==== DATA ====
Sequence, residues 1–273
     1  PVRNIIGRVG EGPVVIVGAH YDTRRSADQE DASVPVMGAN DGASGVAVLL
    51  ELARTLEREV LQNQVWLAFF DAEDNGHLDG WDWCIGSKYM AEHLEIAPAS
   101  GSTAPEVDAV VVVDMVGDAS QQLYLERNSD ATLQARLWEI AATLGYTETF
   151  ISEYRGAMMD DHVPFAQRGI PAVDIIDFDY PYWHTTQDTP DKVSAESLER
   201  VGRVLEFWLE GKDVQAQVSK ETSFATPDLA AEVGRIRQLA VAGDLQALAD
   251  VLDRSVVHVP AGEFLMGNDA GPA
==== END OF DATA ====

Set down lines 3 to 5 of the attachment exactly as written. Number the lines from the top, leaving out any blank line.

    51  ELARTLEREV LQNQVWLAFF DAEDNGHLDG WDWCIGSKYM AEHLEIAPAS
   101  GSTAPEVDAV VVVDMVGDAS QQLYLERNSD ATLQARLWEI AATLGYTETF
   151  ISEYRGAMMD DHVPFAQRGI PAVDIIDFDY PYWHTTQDTP DKVSAESLER